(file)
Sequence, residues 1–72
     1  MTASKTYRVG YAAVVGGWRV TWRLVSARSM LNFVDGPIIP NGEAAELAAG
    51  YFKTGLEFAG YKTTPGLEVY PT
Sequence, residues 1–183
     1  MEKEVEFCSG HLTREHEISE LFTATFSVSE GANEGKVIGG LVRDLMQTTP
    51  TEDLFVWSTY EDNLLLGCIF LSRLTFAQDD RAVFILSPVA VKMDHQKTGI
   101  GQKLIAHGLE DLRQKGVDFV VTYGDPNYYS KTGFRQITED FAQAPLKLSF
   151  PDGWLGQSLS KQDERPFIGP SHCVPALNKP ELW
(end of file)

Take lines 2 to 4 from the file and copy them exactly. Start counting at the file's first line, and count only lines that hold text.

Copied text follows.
     1  MTASKTYRVG YAAVVGGWRV TWRLVSARSM LNFVDGPIIP NGEAAELAAG
    51  YFKTGLEFAG YKTTPGLEVY PT
Sequence, residues 1–183